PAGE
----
The Heat Island Effect, Boston's condo boom, and the proposed secession of an Atlanta suburb from the city
Heat Island Effect can Turn Deadly in Extreme Conditions
Of all the impacts of global climate change, it’s extreme heat that kills more Americans each year than any other weather-related event. The Centers for Disease Control and Prevention reports that as many as 600 people die from extreme heat in the U.S. every year. The urban heat island effect makes cities significantly warmer than their surrounding suburbs, exurbs, and rural areas—making them potentially deadly for those who lack air conditioning.
A 2016 Columbia University study projected that by 2080 up to 3,300 New Yorkers could die annually from intense heat exacerbated by climate change. The city launched a $106-million “Cool Neighborhoods” plan last year to mitigate the risks of extreme heat.
The plan includes painting surfaces white, planting more trees, creating green roofs, and building other green infrastructure to cool down several neighborhoods. In addition, the plan includes improving emergency cooling center signage and making those facilities more inviting.
In Many Markets, Green Features are More of a Requirement for Apartment Renters
Renters in many U.S. cities have come to expect green features in apartments that they rent with an eye toward energy efficiency and healthy indoor air. New apartment units today almost always include some green features, with renovations often incorporating sustainable design components. Some 42% of overall multifamily financing provided by Fannie Mae in 2017 qualified for its Green Rewards program.
That program offers lower interest rates to apartment properties that have earned green building certifications or pledge to cut their energy use by at least 25% through renovations. Tenants are willing to pay an extra $27.21 a month to live in buildings that have green certifications, according to the “2017 NMHC/Kingsley Renter Preferences Report.”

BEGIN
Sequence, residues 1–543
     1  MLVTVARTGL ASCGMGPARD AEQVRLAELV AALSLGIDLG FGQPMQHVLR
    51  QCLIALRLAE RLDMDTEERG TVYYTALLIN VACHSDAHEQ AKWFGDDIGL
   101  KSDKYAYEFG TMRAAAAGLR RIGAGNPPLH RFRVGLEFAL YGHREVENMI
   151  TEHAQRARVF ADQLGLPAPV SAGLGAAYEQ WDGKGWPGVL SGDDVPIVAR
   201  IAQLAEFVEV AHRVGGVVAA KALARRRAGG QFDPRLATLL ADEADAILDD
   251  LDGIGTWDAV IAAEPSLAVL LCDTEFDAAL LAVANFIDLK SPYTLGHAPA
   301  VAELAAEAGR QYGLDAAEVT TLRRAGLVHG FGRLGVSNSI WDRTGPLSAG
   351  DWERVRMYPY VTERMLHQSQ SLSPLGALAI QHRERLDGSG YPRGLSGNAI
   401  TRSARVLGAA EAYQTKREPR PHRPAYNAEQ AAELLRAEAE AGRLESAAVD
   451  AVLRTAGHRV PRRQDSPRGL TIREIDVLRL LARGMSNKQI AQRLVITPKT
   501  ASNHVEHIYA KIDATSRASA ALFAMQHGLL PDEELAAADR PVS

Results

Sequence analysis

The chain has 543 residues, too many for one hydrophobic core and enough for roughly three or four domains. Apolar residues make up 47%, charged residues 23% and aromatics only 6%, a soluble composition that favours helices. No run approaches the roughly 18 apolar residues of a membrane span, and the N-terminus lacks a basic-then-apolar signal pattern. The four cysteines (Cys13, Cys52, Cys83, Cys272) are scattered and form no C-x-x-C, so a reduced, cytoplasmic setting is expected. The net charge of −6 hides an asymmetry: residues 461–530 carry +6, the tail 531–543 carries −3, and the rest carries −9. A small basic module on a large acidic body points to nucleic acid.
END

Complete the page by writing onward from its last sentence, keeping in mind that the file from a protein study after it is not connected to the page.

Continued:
With the cost of incorporating many green features in apartment properties having dropped to be roughly comparable to conventional construction, landlords are meeting the wishes of the market. Fannie Mae’s Green Rewards program often slices about a fifth to a third of a percentage point off the interest rates offered to apartment borrowers. In 2017, Fannie Mae provided $27.6 billion in financing to qualified apartment properties through Green Rewards.
Maracay Homes Named Outstanding Single-Family Developer by USGBC
Maracay Homes, based in Scottsdale, Ariz., was named Outstanding Single-Family Developer by the U.S. Green Building Council in its 2017 LEED Homes Award program. The company, which has constructed more than 9,000 homes, was cited for being a leader in Arizona’s sustainable real estate industry.
Among the other winners, were:
• The House at Cornell Tech, Roosevelt Island, N.Y., developed by The Hudson Companies and Related Companies. On Cornell Tech’s Roosevelt Island campus, “The House,” a LEED Platinum multifamily residence open to students, staff, and faculty, uses 60%-70% less energy than that of a similarly sized typical building.
• Historic District Infill Home, Decatur, Ga., for Outstanding Single-Family Project. Built and owned by SK Collaborative principal Carl Seville, the Historic District Infill Home fit seamlessly into a prestigious existing historic district while earning LEED Platinum certification.
• PassiveTown Phase 3, Building K, Kurobe, Japan, for Outstanding Multi-Family Project. Developed by YKK Fudosan Co., PassiveTown Phase 3, Building K is a LEED Platinum low-rise multi-family residence and the first LEED for Homes project in Japan
Boston Condo Boom Prompts Flood of Work for Soundproofers
Boston has experienced a condo boom over the past few years and along with it has come increased demand for soundproofing. The current market of high real estate prices sets higher expectations for acoustic privacy.
A growing number of condo- and apartment-dwellers won’t put up with unwanted sound. Mixed use projects have some of the toughest acoustic challenges, especially when businesses like an athletic club are part of the mix.
Wealthy Atlanta Suburb Wants to Secede From City
Some residents of a cluster of gated communities in Stockbridge, Ga., a predominantly black city about 20 miles south of Atlanta, want to break away from the city. One complaint is that the area can’t attract amenities common to wealthy areas, such as in the Buckhead section of Atlanta, because it is surrounded by lower income neighborhoods.
The idea is for the whole set of communities to break away and form their own town to make it more attractive for new businesses. “De-annexation” could mean that after Stockbridge splits up, the poorer parts would be left with $15.5 million of debt.